Van Cortlandt Park

The Daily Plant : Monday, August 13, 2001


It’s ad-in for Van Cortlandt Park’s Indian Field. Starting Thursday, August 9, the eight clay courts in Van Cortlandt Park are to be reconstructed for diverse use. Three all-weather courts will permit players to rally rain or shine. Two multi-use courts will attract roller hockey players as well as tennis mavens. And two reconstructed clay courts will preserve a space for the game of tennis to be played in its classic form.

The first national tennis tournament in the United States was played in one of our parks; in 1880 Walker Park in Staten Island hosted what is now the Davis Cup Tournament and began a tradition of professional tennis in the U.S. In time our appreciation of the game has grown, and demanded the building of courts all around the city. These courts include a variety of surfaces for different kinds of tennis and other games as well.

At a groundbreaking ceremony in the park on Thursday, Parkies, elected officials, and neighborhood residents welcomed athletes to Parks’ newest construction site. Next year, the area will sport a new look. Not only is Parks creating more diverse uses for the courts, we’re be improving the infrastructure of the site and adding visual interest to its surrounds. A forecast of what’s to come includes new posts, a chain link fence, and a drinking fountain, and a community garden, a tree grove, and landscaping at the entrance. The masonry on the comfort station will have been repointed and the fixtures replaced. Decorative paving, a north compass rosette, and a flagpole with a yardarm will all help give the site a distinctive character. Underground and out of sighe, a new water service, piping, and an irrigation system for the clay courts will keep the park hydrated as it works hard to keep players fit and on their game.

People skate, dribble, stroll, spike, plunge, catch, cycle, and volley in New York City’s parks. In Van Cortlandt Park alone park users can enjoy many of these activities, plus visits an historic house museum, a bird sanctuary, a tree nursery, and the nation’s first municipal golf course.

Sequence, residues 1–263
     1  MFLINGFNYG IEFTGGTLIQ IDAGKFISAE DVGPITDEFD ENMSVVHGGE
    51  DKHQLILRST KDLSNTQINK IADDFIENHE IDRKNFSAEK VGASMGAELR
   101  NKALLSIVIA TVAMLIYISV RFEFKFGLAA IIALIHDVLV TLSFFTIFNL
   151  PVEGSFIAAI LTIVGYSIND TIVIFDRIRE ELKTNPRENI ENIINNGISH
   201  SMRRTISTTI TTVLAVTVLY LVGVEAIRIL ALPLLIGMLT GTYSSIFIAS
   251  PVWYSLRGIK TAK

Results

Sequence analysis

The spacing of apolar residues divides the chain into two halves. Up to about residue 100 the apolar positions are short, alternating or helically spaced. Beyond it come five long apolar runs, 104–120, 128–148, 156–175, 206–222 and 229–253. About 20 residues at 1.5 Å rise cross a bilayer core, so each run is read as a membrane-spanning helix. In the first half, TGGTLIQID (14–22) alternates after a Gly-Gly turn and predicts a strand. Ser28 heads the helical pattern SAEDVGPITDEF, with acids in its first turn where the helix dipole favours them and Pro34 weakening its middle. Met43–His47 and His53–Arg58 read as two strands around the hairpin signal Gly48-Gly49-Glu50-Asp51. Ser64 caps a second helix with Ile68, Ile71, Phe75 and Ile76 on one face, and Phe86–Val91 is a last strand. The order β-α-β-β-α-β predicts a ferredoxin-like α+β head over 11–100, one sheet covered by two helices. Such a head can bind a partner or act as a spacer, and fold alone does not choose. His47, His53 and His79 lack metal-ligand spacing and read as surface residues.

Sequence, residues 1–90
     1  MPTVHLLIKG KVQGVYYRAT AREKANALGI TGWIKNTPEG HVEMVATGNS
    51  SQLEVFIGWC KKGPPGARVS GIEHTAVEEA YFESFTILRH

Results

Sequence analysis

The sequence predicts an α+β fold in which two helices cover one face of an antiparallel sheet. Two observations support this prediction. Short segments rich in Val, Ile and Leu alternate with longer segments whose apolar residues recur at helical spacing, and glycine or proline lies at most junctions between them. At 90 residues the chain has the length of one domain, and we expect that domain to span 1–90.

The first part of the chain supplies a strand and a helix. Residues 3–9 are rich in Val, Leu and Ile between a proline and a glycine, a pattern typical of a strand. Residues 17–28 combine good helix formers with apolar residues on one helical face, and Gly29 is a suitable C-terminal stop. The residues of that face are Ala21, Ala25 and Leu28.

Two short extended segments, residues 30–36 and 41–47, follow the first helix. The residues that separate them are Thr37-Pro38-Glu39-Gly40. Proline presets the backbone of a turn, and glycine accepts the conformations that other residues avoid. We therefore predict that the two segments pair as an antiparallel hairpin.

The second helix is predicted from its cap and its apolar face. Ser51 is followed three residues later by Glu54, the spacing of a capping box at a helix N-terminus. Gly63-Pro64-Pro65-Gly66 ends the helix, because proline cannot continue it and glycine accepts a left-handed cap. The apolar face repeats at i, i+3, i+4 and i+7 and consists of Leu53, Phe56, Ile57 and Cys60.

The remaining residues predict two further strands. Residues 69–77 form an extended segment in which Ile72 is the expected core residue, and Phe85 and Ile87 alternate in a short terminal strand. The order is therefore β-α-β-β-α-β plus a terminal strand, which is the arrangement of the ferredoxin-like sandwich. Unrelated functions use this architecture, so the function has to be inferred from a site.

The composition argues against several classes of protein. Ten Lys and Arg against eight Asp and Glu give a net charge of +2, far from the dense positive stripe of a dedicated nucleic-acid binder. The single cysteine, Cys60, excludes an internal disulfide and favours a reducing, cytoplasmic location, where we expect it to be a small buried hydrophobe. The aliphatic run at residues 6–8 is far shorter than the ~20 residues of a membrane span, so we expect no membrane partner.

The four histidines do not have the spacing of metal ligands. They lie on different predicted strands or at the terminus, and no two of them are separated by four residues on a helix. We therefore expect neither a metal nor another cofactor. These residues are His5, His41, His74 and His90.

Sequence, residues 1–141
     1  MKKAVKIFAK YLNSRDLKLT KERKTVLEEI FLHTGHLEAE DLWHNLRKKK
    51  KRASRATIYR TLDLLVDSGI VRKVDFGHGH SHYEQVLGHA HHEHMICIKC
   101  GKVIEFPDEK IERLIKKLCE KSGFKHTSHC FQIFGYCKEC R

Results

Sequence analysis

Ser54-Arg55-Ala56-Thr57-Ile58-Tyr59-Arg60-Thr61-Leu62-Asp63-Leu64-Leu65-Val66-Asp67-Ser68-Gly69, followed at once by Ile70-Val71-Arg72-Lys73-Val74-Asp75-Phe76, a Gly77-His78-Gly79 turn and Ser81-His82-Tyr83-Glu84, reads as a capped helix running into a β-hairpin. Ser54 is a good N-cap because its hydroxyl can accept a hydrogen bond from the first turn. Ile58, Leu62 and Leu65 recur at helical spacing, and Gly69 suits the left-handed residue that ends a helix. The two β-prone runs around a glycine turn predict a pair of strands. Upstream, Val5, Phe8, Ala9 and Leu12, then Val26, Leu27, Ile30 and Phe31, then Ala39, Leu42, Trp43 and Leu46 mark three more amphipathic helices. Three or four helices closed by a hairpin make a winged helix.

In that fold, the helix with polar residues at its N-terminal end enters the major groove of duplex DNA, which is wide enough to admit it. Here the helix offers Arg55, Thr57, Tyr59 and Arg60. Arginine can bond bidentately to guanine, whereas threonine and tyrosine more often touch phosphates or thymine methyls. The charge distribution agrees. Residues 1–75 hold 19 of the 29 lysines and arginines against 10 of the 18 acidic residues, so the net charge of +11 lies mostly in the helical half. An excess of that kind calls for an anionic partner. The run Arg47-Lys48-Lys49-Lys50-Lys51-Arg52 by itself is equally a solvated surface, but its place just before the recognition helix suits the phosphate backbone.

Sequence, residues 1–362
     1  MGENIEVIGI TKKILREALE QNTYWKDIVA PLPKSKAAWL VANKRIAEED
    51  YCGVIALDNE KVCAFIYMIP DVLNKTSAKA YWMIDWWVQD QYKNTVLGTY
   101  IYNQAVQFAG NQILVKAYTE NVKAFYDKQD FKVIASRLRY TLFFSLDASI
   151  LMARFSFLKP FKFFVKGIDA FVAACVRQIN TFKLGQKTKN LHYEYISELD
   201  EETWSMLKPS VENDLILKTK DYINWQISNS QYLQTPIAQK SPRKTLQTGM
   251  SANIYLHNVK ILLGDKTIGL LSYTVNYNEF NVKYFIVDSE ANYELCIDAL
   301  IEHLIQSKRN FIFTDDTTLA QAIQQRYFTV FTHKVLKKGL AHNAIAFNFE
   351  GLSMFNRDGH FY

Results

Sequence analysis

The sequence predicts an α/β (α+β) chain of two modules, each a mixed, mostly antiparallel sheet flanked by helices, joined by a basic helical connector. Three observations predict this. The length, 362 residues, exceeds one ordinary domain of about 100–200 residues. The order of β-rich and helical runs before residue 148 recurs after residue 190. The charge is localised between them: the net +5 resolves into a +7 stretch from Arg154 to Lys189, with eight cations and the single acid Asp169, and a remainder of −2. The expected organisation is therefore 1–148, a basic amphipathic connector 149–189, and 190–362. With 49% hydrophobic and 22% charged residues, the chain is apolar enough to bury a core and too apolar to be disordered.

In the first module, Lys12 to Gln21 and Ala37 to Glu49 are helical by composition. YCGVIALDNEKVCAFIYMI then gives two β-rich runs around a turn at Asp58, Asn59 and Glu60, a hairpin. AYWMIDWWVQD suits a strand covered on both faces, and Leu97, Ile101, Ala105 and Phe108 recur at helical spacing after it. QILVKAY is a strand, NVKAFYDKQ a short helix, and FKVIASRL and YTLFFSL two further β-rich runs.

State Senator Guy Velella; Council Member June (Mainland) Eisland; Commissioner Henry J. (StarQuest) Stern; Bill (Zorro) Castro, Bronx Borough Commissioner; Carmen (Twelve) Angueira , District Manager for Community Board 12; Christine (Seton Falls) Foreman , Parks Committee Chair for Community Board 12; Paul (Two-Wheeler) Sawyer , Chair of the Friends of Van Cortlandt Park; and Michael Cooney, Board Member of the Woodlawn Heights Taxpayers and Community Association addressed a group of young tennis players and Commissioner Stern challenged the ambitious players to aim to be the first to serve up an ace on the reconstructed courts.

HAPPY BIRTHDAY! Parkies born on August 14: Climber & Pruner Clement Rozanski; Assistant Landscape Architect Rachel (Barcelona) Kramer; Lifeguard Frederic Bomhoff; Recreation Supervisor Ronald Brown; Urban Park Rangers James Graham and Julio Reyes; Christian (Goldmund) Paro; Playground Assistant Natalie Richardson; City Seasonal Aides Leona Anthony and Wendy Martin; and City Park Workers Isabel Sanchez and Ella Ray.

…and to Friends of Parks born on August 14: Melissa (Schredder) Barkan; Richard (Mortrin) Barrimond; Allan (Algonquin) Buchman; Fisher (Catfish) Cook; Audrey (Planter) Glass; Tom (Pulitzer) Goldstein; Jim (Plantsmen) Johnson; Istvan (Duna) Kovacs; Joshua (Virusbuster) Lipsman; John Patrick (Manor) Manown; Vicktoria (Mrs. Islander) Molinari; Bill (Trailmaker) Morris; P. (The General) Olsliewskey; C. Curtis (Critter) Ritter; Elmer (Elmer) Sprague; Elissa (Alvin) Tenny; Andrew (Mike Connan) Tisch; Tucker (Razorfish) Viemeister and Seth (WorldWide) Webb.

(Monday, August 15, 1988)


The Parks Council, a private, non-profit organization established 62 years ago, is an independent voice for New York City’s 26,000-acre parks system, public open spaces and 578 miles of waterfront.

The Council is both a political advocacy group and a hands-on resource center. To monitor and analyze public policy concerning open space, the Parks Council’s nine full-time employees draw on the expertise of landscape designers, architects, planners, public policy makers and citizen activists who serve on committees and the decision making Parks Council Board of Directors.


"To know of someone here and there who we accord with, who is living on with us, even in silence— this makes our earthly ball a peopled garden."
Johann Wolfgang von Goethe (1749-1832)

Directions to Van Cortlandt Park

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